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Do u recommend going oversized with a tap/bolt when possible or helicoil? When I bought my spare block the assclown had stripped the timing belt tensioner bolt. Tried longer to no avail so I went larger with the tap. It's all to spec and holds just fine obviously but in your professional opinion what's the better route if welding and tapping isn't available at the time?
 

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I think it all depends on the metal being inserted, its relative closeness to other things, and the pressure being exerted on the part. Stuff I think about before choosing a method, have used all with success once I learned to take my time. Coiled a spark plug on the side of a road, was dicey to blow out crap with piston and just hope, but the car ran for years after ward. Ah my red dodge neon....highline style. Thing was a piecer.
 

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96 Ranger-stock
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Discussion Starter #11
Do u recommend going oversized with a tap/bolt when possible or helicoil? When I bought my spare block the assclown had stripped the timing belt tensioner bolt. Tried longer to no avail so I went larger with the tap. It's all to spec and holds just fine obviously but in your professional opinion what's the better route if welding and tapping isn't available at the time?
If it works it works, some times the next size bolt will not work, so having the knowledge of a few methods is handy.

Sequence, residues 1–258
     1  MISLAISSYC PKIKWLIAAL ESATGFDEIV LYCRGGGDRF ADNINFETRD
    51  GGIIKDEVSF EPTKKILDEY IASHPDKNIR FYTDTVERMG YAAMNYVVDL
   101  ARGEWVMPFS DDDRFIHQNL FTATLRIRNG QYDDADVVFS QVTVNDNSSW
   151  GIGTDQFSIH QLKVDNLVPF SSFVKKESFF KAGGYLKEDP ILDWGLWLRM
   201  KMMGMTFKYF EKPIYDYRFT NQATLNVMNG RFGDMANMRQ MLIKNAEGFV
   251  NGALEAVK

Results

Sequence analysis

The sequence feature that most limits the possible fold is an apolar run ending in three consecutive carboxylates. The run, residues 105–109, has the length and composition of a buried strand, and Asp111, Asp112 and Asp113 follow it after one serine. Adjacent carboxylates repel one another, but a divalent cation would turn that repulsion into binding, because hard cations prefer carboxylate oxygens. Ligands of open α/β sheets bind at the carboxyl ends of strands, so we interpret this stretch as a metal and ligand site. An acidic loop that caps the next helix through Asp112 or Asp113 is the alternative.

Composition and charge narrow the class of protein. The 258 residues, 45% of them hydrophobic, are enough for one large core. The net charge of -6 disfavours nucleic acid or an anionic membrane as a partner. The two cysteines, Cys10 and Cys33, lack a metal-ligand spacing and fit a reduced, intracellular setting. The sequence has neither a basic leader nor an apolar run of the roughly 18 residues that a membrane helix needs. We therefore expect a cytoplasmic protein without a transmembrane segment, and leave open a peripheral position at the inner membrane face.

These work okay sometimes, but I prefer Time-Serts.... similar idea, they just seem to last the test of time when done correctly.
I can see that if it is a bolt the is being run in and out often. The only time I really go for a time sert is spark plug holes, I just never like a spring coil in that position

I think it all depends on the metal being inserted, its relative closeness to other things, and the pressure being exerted on the part. Stuff I think about before choosing a method, have used all with success once I learned to take my time. Coiled a spark plug on the side of a road, was dicey to blow out crap with piston and just hope.
That ^^^^^ It covers it pretty damn well, all I could say is some other odd repair on the side of the road.
 

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The heli coil is a harder metal, usually due to aluminium heads and such, it can hold better in pressure situations where changing the bolt size won't work for many reasons, spark plugs, exhaust mani bolts etc. There is no real can and cant situations that don't involve looking at the application in question and measuring the pro and cons on site.

Off the top of my head, you have a weird size bolt, and in a bolt pattern that can be bad looking or time consuming have another wrench on had when servicing.

I wouldn't use a heli coil if the pressure on the bolt was across its head like hanging something from it.
 

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I can agree that there are some times that each method would serve a "better" purpose... Its also very nice that DIY topics like this are posted..... very informative. Love it.